June 2020 Weblog: Past, Future, and Now

A month that has us all looking towards the future. But as we forge that future, we also need to look towards the past

Make the Web Yours

This month I wrote a post about the origin of the “webmaster” role and the ways in which it has evolved over time. It ended with, I hope, an inspirational note about how we can reshape the web together. Well it must be in the ether because Max Böck drew many of the same connections I did in his post The Return of the 90’s Web. Böck walks through all the way the old is new again, and how we’ve re-invented the web for the individual developer once again. Don’t believe me that having your own site is important? Chuck D of Public Enemy agrees.

Listen and Watch

I came across two things this month that I’m amazed I’ve never seen before. The first is a documentary called Home Page (available on Tubi for free, and elsewhere). It follows the life of Justin Hall, an eccentric web personality and one of the earliest bloggers and web evangelists, all the way back in 1994. It has interviews with so many wonderful people that helped build the early web. The second is the podcast series from Red Hat, Command Line Heroes. In particular I was listening to Season 3, with a focus on the origin of programming languages. But each season takes on a different thematic arc, with interviews and new insights, and I can’t recommend it enough.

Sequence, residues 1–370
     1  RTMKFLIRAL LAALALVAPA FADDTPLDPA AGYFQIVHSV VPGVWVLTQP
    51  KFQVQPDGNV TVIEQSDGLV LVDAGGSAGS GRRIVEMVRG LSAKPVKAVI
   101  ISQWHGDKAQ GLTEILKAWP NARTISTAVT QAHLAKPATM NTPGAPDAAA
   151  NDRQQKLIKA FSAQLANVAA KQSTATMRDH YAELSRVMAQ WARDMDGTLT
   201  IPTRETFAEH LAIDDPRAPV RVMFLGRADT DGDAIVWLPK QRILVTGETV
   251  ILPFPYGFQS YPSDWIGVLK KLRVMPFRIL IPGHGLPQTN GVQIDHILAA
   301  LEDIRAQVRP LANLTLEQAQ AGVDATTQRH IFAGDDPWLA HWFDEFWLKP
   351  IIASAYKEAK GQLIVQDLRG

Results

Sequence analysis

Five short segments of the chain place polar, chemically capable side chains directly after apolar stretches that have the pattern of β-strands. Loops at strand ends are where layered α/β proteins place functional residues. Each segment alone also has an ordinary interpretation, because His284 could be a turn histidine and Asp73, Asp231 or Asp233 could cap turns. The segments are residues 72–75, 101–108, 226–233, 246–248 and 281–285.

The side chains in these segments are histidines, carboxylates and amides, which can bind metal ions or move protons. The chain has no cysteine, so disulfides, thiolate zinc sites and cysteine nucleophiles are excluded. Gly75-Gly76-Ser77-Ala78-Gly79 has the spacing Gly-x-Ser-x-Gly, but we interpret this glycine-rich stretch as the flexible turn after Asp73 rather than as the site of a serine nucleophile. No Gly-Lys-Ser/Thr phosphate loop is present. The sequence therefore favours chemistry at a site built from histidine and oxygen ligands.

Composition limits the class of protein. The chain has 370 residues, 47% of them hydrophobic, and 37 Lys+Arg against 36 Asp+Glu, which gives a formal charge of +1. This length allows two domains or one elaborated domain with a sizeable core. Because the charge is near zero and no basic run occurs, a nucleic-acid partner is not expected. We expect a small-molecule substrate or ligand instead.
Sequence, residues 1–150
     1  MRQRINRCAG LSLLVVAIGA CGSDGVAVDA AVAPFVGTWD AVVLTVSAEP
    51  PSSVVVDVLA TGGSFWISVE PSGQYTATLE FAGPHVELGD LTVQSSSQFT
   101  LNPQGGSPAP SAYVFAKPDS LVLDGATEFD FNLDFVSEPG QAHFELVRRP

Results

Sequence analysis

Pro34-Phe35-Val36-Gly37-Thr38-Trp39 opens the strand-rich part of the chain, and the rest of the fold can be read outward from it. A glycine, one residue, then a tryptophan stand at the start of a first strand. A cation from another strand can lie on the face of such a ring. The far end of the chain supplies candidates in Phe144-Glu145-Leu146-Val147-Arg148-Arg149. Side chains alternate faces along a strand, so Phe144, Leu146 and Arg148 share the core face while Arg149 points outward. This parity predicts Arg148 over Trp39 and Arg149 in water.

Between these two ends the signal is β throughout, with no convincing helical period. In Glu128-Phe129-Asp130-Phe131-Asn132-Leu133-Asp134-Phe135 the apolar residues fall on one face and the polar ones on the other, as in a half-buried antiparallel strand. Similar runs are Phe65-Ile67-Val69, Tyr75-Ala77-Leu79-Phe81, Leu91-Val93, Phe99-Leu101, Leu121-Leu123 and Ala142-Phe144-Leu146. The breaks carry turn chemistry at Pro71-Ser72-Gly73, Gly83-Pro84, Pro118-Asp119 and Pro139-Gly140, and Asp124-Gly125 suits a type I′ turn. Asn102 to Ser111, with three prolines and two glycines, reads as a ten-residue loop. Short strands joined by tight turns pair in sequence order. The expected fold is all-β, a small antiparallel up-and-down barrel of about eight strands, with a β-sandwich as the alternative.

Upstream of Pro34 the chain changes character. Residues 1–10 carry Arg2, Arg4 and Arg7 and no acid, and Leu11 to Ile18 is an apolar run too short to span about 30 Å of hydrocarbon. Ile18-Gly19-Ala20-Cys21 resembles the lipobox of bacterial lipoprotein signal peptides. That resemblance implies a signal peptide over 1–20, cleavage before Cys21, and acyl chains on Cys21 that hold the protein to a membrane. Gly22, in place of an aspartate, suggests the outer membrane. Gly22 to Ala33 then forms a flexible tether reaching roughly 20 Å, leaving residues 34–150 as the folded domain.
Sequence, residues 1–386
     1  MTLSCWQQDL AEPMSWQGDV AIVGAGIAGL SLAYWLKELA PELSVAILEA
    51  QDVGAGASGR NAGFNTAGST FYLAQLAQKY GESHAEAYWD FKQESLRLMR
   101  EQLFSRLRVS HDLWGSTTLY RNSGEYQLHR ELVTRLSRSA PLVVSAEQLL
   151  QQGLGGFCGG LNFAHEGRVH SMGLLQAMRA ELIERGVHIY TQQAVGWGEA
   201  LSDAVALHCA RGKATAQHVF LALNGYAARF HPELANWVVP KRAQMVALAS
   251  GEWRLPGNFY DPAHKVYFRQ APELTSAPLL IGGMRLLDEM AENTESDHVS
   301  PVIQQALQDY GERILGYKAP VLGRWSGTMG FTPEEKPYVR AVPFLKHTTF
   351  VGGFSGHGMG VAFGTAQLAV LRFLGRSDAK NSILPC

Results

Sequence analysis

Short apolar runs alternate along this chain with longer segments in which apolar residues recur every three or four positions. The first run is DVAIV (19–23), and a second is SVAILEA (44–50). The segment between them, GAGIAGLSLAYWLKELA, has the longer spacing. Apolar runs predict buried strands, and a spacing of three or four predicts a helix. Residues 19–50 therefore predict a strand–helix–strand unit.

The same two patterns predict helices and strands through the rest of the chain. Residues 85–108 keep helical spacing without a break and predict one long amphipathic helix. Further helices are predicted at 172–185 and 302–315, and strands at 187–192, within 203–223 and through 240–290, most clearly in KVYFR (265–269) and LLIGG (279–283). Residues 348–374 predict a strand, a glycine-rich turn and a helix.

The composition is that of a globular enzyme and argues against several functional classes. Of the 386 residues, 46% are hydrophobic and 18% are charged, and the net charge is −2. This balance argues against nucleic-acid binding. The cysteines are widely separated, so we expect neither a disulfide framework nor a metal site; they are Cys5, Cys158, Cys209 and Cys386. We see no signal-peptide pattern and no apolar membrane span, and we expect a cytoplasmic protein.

The History of the Future

I don’t know exactly how to segue into this article, but The History of the Future, a blog adaptation of a talk by Audrey Watters is some of the most incredible thinking I’ve seen about the ways in which we get stuck in our predictions for the future rather than learning from our history to build something better.

A Twitter Thread that Should Have Been a Blog Post

I keep coming back to this thread from Marie Le Conte a few months ago. In it, she describes the ways in which our semi-public lives become super-public lives because of the amplifying effect of social media, and the web. The solution, as always, may be better platforms and more compassion.